Louis Rosen in 1972 at the moment full energy was attained at the world's most powerful linear accelerator, at Los Alamos National Laboratory. (Photo: Los Alamos National Laboratory)
LOS ALAMOS, N.M., August 2002 -- Thirty years ago this summer - in 1972 - the world's most powerful linear accelerator powered up for the first time. When it reached full energy, it generated pulses of 800-million-electron-volt protons at a repetition rate of up to 120 per second and an average current of 1 milliampere. The scene was the Department of Energy's Los Alamos National Laboratory. The development was the dawn of a new era in nuclear physics.
But this development actually began as a headline story four years earlier.
That was in 1968 when a yet-to-be developed scientific facility just happened to become - largely through the vagaries of how government funding is timed - the centerpiece of the Los Alamos National Laboratory's 25th anniversary celebration planned for that year.
As planners of the 25th anniversary noted at the time, any of a number of different events in 1968 could have been used as the focal point for celebrating the institution's 1943 start up. But it turned out that tight federal spending limits were suddenly eased early in 1968. As a result, a facility on hold for several years got the go-ahead. That paved the way for construction of the Los Alamos Meson Physics Facility (LAMPF), the long-planned home for a unique linear accelerator.
Not only was the LAMPF go-ahead the headline event of 1968, it was, "...the start of a new and great venture," as Louis Rosen, its principal architect, said at the time.
Louis Rosen at Los Alamos in 2002
Rosen and others involved in the startup were recognized at Los Alamos recently for their innovative work three decades ago.
Today's world-class, high-intesity pulsed proton source at Los Alamos - it's known as the Los Alamos Neutron Science Center (LANSCE) - had its origins at LAMPF where the 800-MeV achievement marked a new era for Los Alamos and cemented the Lab's leadership role in nuclear physics.
An adjunct to LAMPF, the Weapons Neutron Research (WNR) facility, was built in the early 1970s to provide an intense neutron source that could be used to obtain nuclear data needed for weapons design. The present-day Manuel Lujan, Jr. Neutron Scattering Center grew out of the WNR facility. Both are key elements of today's active LANSCE research program.
In the 1990s, the Lab directed its linear accelerator programs principally to neutron and proton research and applications. With the end of the Cold War, the Department of Energy's Office of Defense Programs determined that LANSCE would be an important element of its science-based stockpile stewardship program and took over stewardship of the facility.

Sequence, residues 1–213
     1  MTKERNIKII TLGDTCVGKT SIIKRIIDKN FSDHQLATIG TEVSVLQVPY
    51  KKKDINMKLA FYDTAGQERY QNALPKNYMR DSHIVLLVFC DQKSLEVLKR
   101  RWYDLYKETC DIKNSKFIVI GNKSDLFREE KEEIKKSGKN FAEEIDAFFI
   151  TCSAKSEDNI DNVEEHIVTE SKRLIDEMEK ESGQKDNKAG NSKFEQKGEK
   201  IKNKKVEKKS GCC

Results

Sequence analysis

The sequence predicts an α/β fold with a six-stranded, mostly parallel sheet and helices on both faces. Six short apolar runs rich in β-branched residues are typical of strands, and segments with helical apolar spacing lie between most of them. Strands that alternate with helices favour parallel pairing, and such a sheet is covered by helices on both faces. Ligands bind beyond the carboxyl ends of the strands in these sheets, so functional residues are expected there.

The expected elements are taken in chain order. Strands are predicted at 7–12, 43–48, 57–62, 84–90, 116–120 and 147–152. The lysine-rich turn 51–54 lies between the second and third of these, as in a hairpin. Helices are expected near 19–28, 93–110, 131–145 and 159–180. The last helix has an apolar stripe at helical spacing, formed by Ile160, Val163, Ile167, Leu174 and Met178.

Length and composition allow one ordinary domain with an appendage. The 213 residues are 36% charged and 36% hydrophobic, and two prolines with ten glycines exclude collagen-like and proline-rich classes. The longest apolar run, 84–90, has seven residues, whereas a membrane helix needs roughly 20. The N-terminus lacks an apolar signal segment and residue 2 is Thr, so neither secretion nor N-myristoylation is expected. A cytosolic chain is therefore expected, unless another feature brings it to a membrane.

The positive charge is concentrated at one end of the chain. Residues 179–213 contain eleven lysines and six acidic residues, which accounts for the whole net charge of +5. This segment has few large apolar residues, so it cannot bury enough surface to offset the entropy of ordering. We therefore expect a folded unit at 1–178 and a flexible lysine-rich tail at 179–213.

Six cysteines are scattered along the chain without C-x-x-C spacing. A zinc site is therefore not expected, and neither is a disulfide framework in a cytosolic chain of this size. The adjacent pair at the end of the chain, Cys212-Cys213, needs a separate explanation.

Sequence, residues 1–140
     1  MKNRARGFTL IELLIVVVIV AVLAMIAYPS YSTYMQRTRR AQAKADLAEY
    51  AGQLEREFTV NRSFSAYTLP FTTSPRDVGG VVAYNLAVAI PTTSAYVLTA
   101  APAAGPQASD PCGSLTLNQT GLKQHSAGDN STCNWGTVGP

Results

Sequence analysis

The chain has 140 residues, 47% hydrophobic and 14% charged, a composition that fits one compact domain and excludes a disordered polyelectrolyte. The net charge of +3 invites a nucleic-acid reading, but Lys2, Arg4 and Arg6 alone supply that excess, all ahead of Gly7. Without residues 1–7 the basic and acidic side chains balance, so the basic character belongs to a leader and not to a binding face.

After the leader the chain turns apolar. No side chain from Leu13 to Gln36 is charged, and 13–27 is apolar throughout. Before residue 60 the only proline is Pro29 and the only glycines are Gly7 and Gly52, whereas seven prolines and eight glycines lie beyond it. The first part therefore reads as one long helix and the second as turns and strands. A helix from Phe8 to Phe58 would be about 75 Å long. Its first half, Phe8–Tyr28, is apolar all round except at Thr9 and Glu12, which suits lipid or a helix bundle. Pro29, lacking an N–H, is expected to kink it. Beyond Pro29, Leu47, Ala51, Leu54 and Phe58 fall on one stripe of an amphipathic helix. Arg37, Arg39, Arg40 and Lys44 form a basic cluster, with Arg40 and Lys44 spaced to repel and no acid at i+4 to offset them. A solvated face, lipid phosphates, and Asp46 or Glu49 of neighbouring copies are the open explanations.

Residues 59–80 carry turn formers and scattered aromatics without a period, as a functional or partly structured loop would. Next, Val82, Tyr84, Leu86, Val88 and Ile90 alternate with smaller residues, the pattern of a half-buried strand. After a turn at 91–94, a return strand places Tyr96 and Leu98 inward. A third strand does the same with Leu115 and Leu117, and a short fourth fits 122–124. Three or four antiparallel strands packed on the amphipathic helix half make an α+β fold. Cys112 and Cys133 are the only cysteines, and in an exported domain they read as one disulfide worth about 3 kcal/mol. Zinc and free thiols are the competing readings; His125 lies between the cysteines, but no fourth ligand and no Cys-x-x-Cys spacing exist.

LANSCE now comprises the former LAMPF component facilities and the Manuel Lujan, Jr. Center for Neutron Scattering created in the 1980s. The complex also includes a variety of associated experimental areas, spectrometers and other instruments, with four new instruments having gone on line in the past 12 months alone.
Despite the advances over the years, the spallation neutron science made possible by the powerful linear accelerator work initially done at LAMPF is still a relatively young field. With the increased emphasis on its scientific output, the facility that began as LAMPF remains in 2002 as it was envisaged in 1968 and before, in the words of Louis Rosen, "...the start of a new and great venture."
Los Alamos National Laboratory is operated by the University of California for the National Nuclear Security Administration (NNSA) of the U.S. Department of Energy and works in partnership with NNSA's Sandia and Lawrence Livermore national laboratories to support NNSA in its mission.
Los Alamos enhances global security by ensuring safety and confidence in the U.S. nuclear stockpile, developing technologies to reduce threats from weapons of mass destruction and improving the environmental and nuclear materials legacy of the cold war. Los Alamos' capabilities assist the nation in addressing energy, environment, infrastructure and biological security problems.
The Department of Energy's Office of Science is the single largest supporter of basic research in the physical sciences in the United States and is working to address some of the most pressing challenges of our time.